NEW YORK, NY--(Marketwired - Nov 7, 2013) - Wall Street professionals can expect to receive moderately larger year-end incentive payouts compared to 2012, according to an annual compensation analysis released today by Johnson Associates, Inc., a New York-based compensation consulting firm. This marks the second consecutive year of larger year-end awards for the industry. The closed-watched industry report notes however that some professionals, especially fixed-income traders, can expect to see their payments trimmed compared to last year.

"Most, but clearly not all, Wall Street professionals should expect to deposit modestly larger payouts this season," said Alan Johnson, managing director of Johnson Associates and one of the nation's foremost authorities on Wall Street compensation. "This year is shaping up to be a relatively strong one for the asset and wealth management industries. However, ongoing cost cutting initiatives across the financial services industry, combined with continued uncertainty and an uneven economic recovery are keeping incentives somewhat in check. All eyes will be on the fourth quarter results, which could impact actual payments one way or the other." 

The Johnson Associates third quarter compensation analysis shows that overall year-end incentives, which include cash bonuses and equity awards, will increase moderately (5 to 10%) this year compared to last year. However, there will be significant variation by firm and business, the analysis noted. 

Indeed, asset management and high net worth professionals, along with underwriting investment bankers, can expect to see the largest increase in year-end incentives -- a jump of 10 to 15% over last year's payouts. On the other hand, fixed income traders, who received the largest increases last year, will be the hardest hit in 2013 with their payments expected to decline roughly 5 to 15%. Investment bankers on the advisory side will also see smaller payments compared to last year. Incentive payouts for the rest of the financial services industry, including hedge funds, equities, private equity, and prime brokerage will increase modestly, anywhere from 5 to 15% compared to last year.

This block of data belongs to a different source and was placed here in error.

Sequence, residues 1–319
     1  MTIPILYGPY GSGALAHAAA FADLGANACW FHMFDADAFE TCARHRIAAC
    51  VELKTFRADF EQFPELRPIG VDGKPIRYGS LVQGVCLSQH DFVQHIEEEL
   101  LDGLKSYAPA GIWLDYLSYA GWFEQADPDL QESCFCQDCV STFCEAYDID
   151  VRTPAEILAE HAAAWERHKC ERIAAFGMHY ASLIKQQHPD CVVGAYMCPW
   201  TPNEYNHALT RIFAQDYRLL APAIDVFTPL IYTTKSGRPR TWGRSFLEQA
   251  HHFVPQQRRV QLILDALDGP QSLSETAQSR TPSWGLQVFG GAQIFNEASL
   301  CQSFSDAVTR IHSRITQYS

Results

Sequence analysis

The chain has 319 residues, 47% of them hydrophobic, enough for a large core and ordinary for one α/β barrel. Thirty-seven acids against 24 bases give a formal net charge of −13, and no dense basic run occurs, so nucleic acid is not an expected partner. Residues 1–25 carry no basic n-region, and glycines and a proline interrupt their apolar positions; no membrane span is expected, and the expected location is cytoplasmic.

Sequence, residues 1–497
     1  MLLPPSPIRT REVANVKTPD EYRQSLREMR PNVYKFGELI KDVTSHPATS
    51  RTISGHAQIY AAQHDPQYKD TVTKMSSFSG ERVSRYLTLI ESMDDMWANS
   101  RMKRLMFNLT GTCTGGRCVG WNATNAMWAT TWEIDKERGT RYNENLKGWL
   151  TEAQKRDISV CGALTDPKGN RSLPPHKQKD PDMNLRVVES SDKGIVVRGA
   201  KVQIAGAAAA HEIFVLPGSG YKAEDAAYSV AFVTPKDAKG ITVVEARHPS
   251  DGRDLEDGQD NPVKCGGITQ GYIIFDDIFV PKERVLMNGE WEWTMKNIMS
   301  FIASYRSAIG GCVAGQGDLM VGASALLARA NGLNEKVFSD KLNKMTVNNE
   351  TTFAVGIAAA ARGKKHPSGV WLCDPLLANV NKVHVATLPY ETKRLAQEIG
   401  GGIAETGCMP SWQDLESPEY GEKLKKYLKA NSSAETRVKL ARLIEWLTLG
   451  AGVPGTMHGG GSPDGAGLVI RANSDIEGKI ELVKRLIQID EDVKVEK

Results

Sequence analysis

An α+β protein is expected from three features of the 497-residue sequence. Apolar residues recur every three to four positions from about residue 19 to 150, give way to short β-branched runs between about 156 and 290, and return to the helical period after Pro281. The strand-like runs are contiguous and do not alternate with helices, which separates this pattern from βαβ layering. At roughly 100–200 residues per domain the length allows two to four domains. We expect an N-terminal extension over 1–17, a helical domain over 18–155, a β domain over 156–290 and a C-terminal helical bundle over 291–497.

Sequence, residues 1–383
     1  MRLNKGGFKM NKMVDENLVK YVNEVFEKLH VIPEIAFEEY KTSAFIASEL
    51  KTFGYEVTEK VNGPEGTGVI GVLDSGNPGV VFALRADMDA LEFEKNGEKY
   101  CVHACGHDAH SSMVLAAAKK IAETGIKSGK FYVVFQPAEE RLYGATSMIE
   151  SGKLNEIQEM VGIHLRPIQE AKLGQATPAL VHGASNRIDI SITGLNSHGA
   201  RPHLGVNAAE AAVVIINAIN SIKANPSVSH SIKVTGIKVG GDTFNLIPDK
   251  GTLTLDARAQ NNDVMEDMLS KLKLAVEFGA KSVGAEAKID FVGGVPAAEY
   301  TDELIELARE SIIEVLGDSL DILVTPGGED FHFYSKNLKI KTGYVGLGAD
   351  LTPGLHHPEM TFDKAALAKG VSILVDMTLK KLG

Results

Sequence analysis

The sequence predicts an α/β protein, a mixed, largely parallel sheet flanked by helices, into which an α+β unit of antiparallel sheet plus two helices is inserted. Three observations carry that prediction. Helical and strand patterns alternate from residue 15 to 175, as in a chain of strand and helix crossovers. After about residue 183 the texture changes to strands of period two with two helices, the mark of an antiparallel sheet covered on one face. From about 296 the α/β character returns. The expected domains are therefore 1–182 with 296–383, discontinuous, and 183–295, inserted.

Business Area Percent Change from 2012
Asset Management +10 to +15% or more
High Net Worth +10 to +15%
Investment Banking
+10% to +15%
Hedge Funds +5% to +15%
Equities +5% to +15%
Private Equity +5% to +10%
Prime Brokerage +5% to +10%
Senior Management 0% to +5%
Commercial/RetailBanking 0% to +5%
Staff Positions 0%
Investment Banking
Minus 5% to Minus 10%
Fixed-Income Minus 5% to Minus 15% or more

Johnson Associates regularly monitors compensation trends among a wide range of commercial and investment banks, and financial services companies. Its quarterly compensation analysis is based on the firm's ongoing monitoring of the financial services industry and public data from eight of the nation's largest investment and commercial banks and ten of the largest asset management firms.

Outlook for 2014
"Looking ahead to 2014, we expect to see continued improvement in many segments of the financial services industry. Most are optimistic about the business going into 2014, but European firms in particular, planning for underlying uncertainty. Within banking, incentives may increase 15 percent or higher next year. After successive years of strong growth, asset management year-over-year increases may taper somewhat to up about 10%. Additionally, firms will continue to contain costs with strategic hiring in the United States, but will be more aggressive internationally, where many companies are expanding or shifting their business operations," concluded Johnson. 

Johnson Associates is a boutique compensation consulting firm specializing in the design of annual and long-term incentive plans and establishing appropriate market pay levels. The firm is well-known for providing candid advice and for its expertise and in-depth knowledge of the financial services industry, including major investment and commercial banks, asset management firms, hedge funds and other alternative investments, insurance companies, and brokerages. For more information, visit

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Ed Emerman